Partnering with a local teacher supply store, Conococheague Elementary School in Hagerstown, Maryland, invited families for an evening of math activities and games to provide a foundation for practice at home.
[content block] "Our math night came about because we were looking for ways to improve our state assessment scores," says Sherry Everitts, the school's parent partnership coordinator. "Teachers volunteered their time for the evening. We encouraged the students to go to their grade level and the levels above to prepare for next year. They could visit classrooms below their grade level to review concepts."
The store supplied professionally-made games for the students to play with and purchase, if desired. Staff members and PTA representatives gave instruction in the store's games, while classroom teachers presented additional free make-and-take activities. Everyone went home with materials to share together.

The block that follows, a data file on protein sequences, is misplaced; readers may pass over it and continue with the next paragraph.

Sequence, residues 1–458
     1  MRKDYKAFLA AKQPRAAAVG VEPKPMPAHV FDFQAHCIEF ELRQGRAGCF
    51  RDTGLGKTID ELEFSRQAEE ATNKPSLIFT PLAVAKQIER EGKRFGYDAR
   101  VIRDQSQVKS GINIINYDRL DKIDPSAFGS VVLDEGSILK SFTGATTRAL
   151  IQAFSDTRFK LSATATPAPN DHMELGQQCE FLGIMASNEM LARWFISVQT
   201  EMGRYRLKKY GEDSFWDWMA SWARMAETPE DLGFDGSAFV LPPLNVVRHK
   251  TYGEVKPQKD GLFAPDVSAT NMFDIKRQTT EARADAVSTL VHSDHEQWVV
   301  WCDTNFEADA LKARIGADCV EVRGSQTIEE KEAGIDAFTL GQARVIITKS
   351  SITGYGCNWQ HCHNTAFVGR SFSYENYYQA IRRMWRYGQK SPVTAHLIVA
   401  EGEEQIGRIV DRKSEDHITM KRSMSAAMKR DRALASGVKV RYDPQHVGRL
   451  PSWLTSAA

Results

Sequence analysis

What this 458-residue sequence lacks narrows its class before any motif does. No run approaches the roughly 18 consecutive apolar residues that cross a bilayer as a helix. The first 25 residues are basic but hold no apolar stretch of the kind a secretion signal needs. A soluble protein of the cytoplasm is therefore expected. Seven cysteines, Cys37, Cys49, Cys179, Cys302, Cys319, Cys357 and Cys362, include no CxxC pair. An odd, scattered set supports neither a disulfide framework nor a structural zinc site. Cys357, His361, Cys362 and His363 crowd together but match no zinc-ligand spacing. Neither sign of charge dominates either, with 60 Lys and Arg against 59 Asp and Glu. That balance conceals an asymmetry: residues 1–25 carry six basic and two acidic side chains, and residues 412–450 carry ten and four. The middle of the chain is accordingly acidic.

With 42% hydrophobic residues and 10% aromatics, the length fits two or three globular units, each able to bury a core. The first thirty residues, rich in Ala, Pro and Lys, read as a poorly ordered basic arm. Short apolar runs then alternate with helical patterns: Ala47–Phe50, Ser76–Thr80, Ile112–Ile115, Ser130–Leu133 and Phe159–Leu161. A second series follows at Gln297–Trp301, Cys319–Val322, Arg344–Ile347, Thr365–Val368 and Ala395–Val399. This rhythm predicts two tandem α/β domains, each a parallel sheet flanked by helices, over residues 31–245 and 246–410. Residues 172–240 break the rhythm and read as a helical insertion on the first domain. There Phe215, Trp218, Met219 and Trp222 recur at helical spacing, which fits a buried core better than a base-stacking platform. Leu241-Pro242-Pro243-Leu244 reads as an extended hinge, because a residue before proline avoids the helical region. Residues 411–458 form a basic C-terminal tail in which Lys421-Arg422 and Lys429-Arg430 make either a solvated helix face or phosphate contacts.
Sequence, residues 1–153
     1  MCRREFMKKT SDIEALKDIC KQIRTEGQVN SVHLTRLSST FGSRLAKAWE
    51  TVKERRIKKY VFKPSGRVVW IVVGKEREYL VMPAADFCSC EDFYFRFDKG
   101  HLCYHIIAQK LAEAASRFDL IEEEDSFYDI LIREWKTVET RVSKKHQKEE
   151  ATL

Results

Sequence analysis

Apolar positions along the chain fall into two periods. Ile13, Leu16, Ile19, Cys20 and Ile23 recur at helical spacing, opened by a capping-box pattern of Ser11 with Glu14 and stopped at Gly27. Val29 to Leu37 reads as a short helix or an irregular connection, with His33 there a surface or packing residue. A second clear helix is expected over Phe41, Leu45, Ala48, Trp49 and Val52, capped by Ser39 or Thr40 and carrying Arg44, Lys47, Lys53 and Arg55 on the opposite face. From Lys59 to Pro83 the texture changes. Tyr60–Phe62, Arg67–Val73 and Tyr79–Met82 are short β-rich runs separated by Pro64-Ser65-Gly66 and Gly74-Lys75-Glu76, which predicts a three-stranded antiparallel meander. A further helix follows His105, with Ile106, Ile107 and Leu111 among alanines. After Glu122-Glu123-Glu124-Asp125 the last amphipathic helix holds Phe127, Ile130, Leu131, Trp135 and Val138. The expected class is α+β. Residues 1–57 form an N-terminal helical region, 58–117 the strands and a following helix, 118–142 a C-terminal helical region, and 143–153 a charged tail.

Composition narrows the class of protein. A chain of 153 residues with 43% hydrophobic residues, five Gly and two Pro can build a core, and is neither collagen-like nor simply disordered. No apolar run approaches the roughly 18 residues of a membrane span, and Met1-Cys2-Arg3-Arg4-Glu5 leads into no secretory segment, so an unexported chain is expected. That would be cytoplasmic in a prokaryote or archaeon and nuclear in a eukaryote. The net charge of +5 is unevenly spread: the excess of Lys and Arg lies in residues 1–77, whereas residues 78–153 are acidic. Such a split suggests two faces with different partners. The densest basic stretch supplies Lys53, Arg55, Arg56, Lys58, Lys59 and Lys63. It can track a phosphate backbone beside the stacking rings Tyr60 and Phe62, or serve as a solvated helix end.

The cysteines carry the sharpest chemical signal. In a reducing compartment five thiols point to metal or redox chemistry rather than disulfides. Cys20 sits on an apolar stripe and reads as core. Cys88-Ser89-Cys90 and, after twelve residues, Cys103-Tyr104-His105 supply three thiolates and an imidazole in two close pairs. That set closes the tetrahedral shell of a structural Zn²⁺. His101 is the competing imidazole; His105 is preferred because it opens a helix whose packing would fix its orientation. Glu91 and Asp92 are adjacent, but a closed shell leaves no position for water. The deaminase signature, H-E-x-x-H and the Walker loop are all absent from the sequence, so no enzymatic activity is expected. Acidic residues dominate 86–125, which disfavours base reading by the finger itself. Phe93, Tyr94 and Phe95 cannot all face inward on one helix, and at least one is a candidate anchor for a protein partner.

"We often hear from parents, 'That is not how I was taught to solve the problem,'" Everitts told Education World. "Parents liked this event because they became actively involved in their child's learning. They also became familiar with the curriculum and how the students were instructed to solve problems."
Skill review was the purpose of the games, but each one included an element of fun. A popular third grade game featured at the math event was "Sink or Swim." In it, players take on the roles of two divers in search of buried treasure when their tanks begin to run low on air. They roll dice and add, subtract, or multiply the numbers to obtain an answer and move toward a life raft or shark to earn points.
The PTA purchased four math games for door prizes, and students registered as they entered. Among other incentives, students who attended received a free homework pass. Flyers and the monthly school newsletter publicized the math event. It has been held for a few years, and the number of parents who attend continues to be impressive.
"We think this has been so successful because it has been well organized and has kept the students and parents involved in hands-on activities for the entire time period," Everitts observed. "Our teachers promote the activity and are active participants. It's fun to see parents (and students) become so involved with the activities that they want to go to all the games!"